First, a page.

Wednesday, 6 May 2015

Who do you think will get my vote?

'Are you going to vote?' James asked over lunch (tortilla, in case you're interested).
'Yes,' I said.  
When I was young, I used to wear a badge saying, 'Don't vote; it only encourages them'.  I thought myself an anarchist, falling in love with the drama and sheer naughtiness of it.  But actually, as I've grown older and less wise, I find myself pondering more and more about anarchy as the ultimate aim. It's a misunderstood term, by and large.  The word comes from the Greek - anarkhos - meaning, simply, without a chief/ruler.  In a political sense it denotes the absence of government, absolute freedom of the individual - a stateless society.
Anarchy asks that we are utterly, totally moral within ourselves.  That we hold ultimate responsibility.
Anarchy holds the state to be immoral.  Can you argue with that?
Who was it that said, 'The most dangerous people in the world are those who know what is best for others'?
Whoever it was, they have a point.
I'm a dreamer, huh?  But, see, I don't trust politics.  I don't trust politicians.  They all say they know what is best for others.  It takes a certain kind of person, I feel, to become a politician.  The bossy, know best, sort.  It's another truism that the people who probably should be in politics, wouldn't touch it with a bargepole. While those who probably shouldn't, fight tooth and nail for power.  Power.  That's the key, huh?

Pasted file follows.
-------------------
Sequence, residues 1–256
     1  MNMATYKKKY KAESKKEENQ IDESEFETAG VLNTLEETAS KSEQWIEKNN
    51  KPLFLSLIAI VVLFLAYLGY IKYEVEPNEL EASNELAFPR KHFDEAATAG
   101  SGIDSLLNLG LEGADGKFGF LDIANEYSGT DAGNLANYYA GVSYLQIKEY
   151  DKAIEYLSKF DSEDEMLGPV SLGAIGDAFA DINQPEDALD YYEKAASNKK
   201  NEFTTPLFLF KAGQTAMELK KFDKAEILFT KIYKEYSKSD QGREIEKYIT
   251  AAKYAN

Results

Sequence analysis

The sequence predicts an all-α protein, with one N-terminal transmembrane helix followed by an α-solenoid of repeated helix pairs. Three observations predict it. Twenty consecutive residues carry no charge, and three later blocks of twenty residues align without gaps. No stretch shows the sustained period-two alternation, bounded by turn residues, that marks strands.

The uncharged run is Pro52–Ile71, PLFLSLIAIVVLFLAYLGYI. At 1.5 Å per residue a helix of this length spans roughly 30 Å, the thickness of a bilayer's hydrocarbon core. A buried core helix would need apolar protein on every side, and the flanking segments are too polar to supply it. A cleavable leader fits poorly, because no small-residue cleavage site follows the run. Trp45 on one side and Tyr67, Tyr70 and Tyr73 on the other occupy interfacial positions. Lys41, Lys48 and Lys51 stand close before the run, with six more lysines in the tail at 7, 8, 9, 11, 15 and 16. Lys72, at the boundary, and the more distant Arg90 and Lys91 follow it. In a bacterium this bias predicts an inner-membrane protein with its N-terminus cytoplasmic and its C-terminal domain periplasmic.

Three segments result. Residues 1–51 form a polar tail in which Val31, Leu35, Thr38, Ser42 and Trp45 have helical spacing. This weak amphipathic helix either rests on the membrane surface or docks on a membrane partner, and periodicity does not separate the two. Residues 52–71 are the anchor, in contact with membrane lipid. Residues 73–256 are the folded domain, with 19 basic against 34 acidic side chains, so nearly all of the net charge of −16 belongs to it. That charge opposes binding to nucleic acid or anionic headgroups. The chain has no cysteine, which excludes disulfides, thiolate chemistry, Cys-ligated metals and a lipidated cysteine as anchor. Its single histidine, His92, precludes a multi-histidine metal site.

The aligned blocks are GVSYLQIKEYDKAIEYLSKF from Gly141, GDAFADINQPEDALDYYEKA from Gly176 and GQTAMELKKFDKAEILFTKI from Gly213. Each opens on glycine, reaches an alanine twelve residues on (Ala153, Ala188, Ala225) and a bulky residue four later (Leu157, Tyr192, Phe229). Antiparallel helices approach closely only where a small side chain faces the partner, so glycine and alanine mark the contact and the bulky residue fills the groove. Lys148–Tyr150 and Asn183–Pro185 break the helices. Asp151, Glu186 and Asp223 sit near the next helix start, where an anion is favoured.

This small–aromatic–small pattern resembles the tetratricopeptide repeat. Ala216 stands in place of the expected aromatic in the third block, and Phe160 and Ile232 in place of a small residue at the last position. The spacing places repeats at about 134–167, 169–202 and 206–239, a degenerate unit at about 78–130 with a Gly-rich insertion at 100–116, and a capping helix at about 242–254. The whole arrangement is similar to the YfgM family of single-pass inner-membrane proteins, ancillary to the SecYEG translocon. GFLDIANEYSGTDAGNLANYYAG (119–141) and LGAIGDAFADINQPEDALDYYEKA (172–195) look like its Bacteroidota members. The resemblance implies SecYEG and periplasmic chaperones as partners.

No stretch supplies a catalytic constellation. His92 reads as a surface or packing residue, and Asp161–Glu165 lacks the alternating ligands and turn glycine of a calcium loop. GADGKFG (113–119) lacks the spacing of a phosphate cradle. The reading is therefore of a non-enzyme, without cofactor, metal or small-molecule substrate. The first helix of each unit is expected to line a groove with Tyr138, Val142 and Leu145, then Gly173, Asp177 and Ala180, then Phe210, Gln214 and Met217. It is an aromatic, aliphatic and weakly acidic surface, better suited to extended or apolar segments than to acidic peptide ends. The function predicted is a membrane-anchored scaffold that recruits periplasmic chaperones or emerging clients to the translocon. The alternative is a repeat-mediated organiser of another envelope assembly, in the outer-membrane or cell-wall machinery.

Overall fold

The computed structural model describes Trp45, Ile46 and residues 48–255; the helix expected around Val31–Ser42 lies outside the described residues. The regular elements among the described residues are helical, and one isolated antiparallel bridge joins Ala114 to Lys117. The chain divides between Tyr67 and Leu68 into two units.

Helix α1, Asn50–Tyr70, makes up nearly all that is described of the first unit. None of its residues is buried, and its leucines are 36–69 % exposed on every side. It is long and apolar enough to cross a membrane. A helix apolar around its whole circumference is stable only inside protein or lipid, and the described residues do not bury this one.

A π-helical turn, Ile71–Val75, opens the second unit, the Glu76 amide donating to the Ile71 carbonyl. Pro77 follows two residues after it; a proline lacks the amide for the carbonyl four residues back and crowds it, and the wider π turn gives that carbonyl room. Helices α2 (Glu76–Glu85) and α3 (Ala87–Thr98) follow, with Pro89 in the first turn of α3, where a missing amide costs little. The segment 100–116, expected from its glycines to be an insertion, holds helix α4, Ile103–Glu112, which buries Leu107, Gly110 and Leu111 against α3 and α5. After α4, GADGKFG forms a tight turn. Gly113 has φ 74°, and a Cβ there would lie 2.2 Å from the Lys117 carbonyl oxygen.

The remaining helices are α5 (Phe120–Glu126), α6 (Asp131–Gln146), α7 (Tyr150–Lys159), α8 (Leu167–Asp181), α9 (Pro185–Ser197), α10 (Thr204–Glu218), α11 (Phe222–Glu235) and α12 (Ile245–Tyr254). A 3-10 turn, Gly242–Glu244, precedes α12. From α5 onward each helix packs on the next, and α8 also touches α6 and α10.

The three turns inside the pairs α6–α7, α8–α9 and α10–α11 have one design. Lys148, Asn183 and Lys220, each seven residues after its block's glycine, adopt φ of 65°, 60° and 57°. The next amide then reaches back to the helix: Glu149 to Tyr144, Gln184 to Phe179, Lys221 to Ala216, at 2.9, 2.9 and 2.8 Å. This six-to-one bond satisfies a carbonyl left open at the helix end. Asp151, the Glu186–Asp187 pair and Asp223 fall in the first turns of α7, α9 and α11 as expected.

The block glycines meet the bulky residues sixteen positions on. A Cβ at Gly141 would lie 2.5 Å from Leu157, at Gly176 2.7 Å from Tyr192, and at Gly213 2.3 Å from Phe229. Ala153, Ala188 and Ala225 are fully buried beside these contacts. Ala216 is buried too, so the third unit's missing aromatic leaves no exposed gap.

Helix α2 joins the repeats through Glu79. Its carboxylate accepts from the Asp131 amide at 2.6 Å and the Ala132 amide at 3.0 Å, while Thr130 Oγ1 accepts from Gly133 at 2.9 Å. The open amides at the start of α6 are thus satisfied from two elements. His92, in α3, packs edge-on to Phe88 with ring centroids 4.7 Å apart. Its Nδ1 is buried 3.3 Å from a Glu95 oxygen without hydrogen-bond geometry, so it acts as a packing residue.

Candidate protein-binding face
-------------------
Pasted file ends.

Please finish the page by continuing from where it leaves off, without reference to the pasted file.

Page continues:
Meanwhile, back in our kitchen, Adrian got up from the table. A little too noisily, the chair scraping a little too violently. 'I suppose you'll be voting Green again,' he said, nearly spitting out the word.  'Green', that is, not 'again'.
'Most likely,' I said.
'And what do you think would happen to the economy?' he said, turning rather red, or was it green?
'What economy?  There won't be an economy if we don't have a functioning planet,' I said with a smile.
He marched off.  And that was our first (and probably last) political debate of the election. :-)
It made me smile because it put me in mind of my parents.  My father was staunchly Labour; my mother firmly Tory (possibly the only Tory-voting Guardian reader?).  Come elections they would have poster wars - ripping down one another's posters from our front window.  It got very heated. Politics usually has that effect.  So, here we are again - Adrian true Blue, me a bit water melonish?

Of course, going back to the Greens, they're not as squeaky clean as you might think when it comes to environmental issues - but they're a darn sight better than the rest.  Quite seriously, the finer political points do rather become meaningless if we don't have a home planet, don't you think?  And a lot of the things that get us hot under the collar fade away if we start to think of our 'state' as the whole planet, not just places with boundaries determined by random historical and geographical decisions; if we think of our 'people' as the human race in general, rather than our 'class', our 'type', our 'race', our 'sort'.  

Maybe I just want to shuffle things up a bit.  A lot.  Because, heaven knows, we're in a right pickle the way we are, aren't we?
Is it a wasted vote?  I don't think so.  Everything has to start somewhere.  Remember, not so very long ago, there wasn't a Labour party.  And the 'real' work, the real change, doesn't come from outside, from the dictats of any political party or government - it comes about within each and every one of us.  It comes when we change ourselves.

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